As a thought experiment, imagine what types of questions you would put on the civics exam that every immigrant who hopes to become a U.S. citizen must pass. Details of early U.S. history, perhaps? An introduction to America’s foundational or contemporary economic and social philosophy? A reminder of when to pay federal income taxes?
The exam that has been in use for years contained a smattering of all of the above on its list of 100 possible questions. Starting in December of 2020, however, the U.S. government will start using a revised and substantially longer version of the exam, weighing in at 128 questions.
This revision presented an opportunity to rethink the old, add important new material, and bring cohesiveness to the project of educating new Americans. Whether it actually achieved any of that depends on your interests. Fans of war history will be very happy.
In fact, I wonder whether the drafting committee’s members included a history buff, possibly someone who spends weekends at Civil War reenactments. How else to explain the addition of not one, but two new questions focused on battles, including:
The American Revolution had many important events. Name one.
Acceptable answers include the Battle of Bunker Hill, Declaration of Independence, Washington Crossing the Delaware (Battle of Trenton), Battle of Saratoga, Valley Forge (Encampment), and Battle of Yorktown.
Be sure to test your U.S. citizen friends on these!
The Civil War had many important events. Name one.
Acceptable answers include the Battle of Fort Sumter, Emancipation Proclamation, Battle of) Vicksburg, Battle of Gettysburg, Sherman’s March, Surrender at Appomattox, Battle of Antietam/Sharpsburg, and Lincoln’s assassination.
The old exam already had ten questions that discussed war. The new one has 15, including ones about why the United States entered World Wars I and II, the Korean War, the Vietnam War, and so on.
Perhaps there was also a female committee member, whose primary contribution was to adjust the question of “What did Susan B. Anthony do?” to one asking, “Name one leader of the women’s rights movement in the 1800s.” Answers can include Susan B. Anthony, Elizabeth Cady Stanton, Sojourner Truth, Harriet Tubman, Lucretia Mott, and Lucy Stone. There are no questions concerning what these women actually did, however.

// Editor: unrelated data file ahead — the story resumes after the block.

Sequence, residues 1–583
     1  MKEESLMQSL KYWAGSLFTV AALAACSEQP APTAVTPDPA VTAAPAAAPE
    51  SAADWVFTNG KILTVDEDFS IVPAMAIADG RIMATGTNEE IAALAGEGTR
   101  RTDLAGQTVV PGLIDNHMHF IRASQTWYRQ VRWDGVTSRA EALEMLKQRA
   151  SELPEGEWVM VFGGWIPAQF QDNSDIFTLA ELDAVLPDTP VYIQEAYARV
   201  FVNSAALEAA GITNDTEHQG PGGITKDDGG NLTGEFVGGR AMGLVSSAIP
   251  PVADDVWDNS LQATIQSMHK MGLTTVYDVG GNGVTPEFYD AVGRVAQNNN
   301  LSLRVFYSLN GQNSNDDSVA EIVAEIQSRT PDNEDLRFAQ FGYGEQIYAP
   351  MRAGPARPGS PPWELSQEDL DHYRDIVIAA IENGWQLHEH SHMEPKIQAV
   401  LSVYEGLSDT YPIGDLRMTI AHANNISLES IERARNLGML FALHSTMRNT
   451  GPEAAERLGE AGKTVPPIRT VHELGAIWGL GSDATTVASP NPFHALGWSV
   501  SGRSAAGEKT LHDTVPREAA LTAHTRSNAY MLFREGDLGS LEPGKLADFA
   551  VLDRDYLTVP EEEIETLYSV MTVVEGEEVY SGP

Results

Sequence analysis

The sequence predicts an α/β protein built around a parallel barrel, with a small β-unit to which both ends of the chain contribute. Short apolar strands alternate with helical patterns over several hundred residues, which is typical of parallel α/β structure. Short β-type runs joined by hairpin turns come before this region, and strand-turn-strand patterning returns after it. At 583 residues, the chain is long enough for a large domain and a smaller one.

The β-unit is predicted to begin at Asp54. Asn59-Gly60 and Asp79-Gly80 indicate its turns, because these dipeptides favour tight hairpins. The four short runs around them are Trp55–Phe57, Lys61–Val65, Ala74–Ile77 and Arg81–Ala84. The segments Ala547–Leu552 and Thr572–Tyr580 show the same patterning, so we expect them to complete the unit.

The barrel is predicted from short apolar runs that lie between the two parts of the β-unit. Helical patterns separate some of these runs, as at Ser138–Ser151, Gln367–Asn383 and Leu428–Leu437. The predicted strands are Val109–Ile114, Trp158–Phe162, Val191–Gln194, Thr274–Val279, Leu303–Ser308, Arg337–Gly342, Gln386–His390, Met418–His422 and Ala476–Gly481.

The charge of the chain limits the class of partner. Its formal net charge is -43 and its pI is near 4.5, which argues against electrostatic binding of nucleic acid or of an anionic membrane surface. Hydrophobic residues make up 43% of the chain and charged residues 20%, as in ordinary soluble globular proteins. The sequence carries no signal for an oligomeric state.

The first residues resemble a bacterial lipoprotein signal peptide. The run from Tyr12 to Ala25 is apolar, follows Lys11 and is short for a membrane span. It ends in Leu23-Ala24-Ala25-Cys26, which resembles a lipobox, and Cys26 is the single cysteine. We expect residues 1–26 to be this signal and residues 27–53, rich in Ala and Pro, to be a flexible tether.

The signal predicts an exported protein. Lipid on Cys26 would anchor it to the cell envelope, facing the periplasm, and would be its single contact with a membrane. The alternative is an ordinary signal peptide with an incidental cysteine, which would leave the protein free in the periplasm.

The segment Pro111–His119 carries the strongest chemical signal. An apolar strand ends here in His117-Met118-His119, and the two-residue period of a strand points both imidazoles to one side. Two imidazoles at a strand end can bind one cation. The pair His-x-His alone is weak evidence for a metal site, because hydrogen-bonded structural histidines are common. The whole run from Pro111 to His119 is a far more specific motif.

This hypothetical committee member also added a question on when women got the right to vote. Two new questions! Go women!
Let’s move on to the newly added questions about racial justice and social equality. Oh, there aren’t any. Perhaps there wasn’t room, after the critical task of making immigrants memorize lists of long-ago battles.
As with the previous exam, the list of possible questions contains one asking what Martin Luther King, Jr. did. And another asking about what the civil rights movement is—or was. The newly worded question puts it squarely in the past tense: “What did the civil rights movement do?” (Answer: Fought to end racial discrimination.) No mention of current struggles.
I’m seeing missed opportunities here. And unsolved mysteries, such as why the committee thought it necessary to add: “Why is the Electoral College important?” The acceptable answers include, “It decides who is elected president” and “It provides a compromise between the popular election of the president and congressional selection.” Let’s hope that clears it up for anyone curious.
Here’s one last mystery: The new exam answers add the words “social contract” twice, and “natural rights” once. It says that “social contract” is both an important idea from the Declaration of Independence and the U.S. Constitution and an example of what “We the People” means. Yet that term appears in neither of these documents. The same goes for “natural rights,” also given as an example of ideas from our founding documents.
Unfortunately, the U.S. government hasn’t yet provided study materials, so we don’t have any concrete insights into why these concepts are suddenly important. I’m certainly curious.